The important point Jullen stressed was that China’s growth had to slow down, and will be largely policy driven from the central government. “Too much GDP growth is not a good thing because it would be investment driven in an environment in which there is industrial overcapacity. If China does not slow down, its problems only get bigger,” he said. He also cited other factors that the leadership will attempt, including cleaning up the environment, implementing structural reforms, increase domestic consumption to offset exports, and upgrade the industrial base to accommodate a higher value added ‘next economy.’

Another key point he made is that the Chinese automotive industry has arrived at an important inflection point in its own lifecyle. Annual sales are expected to slow. He expects an orderly shakeout of domestic car companies, maybe it should have happened already. “China is a little different in that domestic car companies tend to be tied to local governments, which is one reason why there is so many of them,” he explained. “The auto industry is much more decentralized than most people realize.”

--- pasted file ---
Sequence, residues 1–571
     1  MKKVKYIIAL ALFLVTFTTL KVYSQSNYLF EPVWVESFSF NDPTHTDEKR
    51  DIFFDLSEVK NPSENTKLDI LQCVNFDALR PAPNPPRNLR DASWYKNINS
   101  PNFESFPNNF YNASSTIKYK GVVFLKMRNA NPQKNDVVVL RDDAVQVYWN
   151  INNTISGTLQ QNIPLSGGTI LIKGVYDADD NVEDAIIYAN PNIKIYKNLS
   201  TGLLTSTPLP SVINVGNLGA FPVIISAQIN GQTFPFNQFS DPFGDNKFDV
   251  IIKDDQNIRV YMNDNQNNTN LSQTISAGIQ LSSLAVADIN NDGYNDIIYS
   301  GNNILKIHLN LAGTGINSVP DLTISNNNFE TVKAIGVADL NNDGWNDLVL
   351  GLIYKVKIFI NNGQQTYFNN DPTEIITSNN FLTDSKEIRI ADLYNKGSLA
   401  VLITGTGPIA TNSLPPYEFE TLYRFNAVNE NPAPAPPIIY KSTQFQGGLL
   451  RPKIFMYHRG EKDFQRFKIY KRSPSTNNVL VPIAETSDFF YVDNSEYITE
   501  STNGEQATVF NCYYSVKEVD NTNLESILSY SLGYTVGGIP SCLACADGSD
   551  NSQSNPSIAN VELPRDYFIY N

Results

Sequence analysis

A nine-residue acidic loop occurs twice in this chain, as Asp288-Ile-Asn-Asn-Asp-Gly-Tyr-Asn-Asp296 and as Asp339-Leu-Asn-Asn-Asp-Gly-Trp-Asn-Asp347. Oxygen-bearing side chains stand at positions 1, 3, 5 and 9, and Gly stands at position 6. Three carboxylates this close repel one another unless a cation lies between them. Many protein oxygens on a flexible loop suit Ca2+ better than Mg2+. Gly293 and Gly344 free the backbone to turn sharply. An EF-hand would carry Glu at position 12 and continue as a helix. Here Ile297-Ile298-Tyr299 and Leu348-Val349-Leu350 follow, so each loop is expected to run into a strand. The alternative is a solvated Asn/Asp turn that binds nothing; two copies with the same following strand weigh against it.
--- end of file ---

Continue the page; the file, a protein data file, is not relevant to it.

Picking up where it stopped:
Nevertheless, despite its many challenges in an economy that is transitioning, Jullens noted that the automotive industry is one of the pillars that China is looking to invest in. There is reward amid the risk.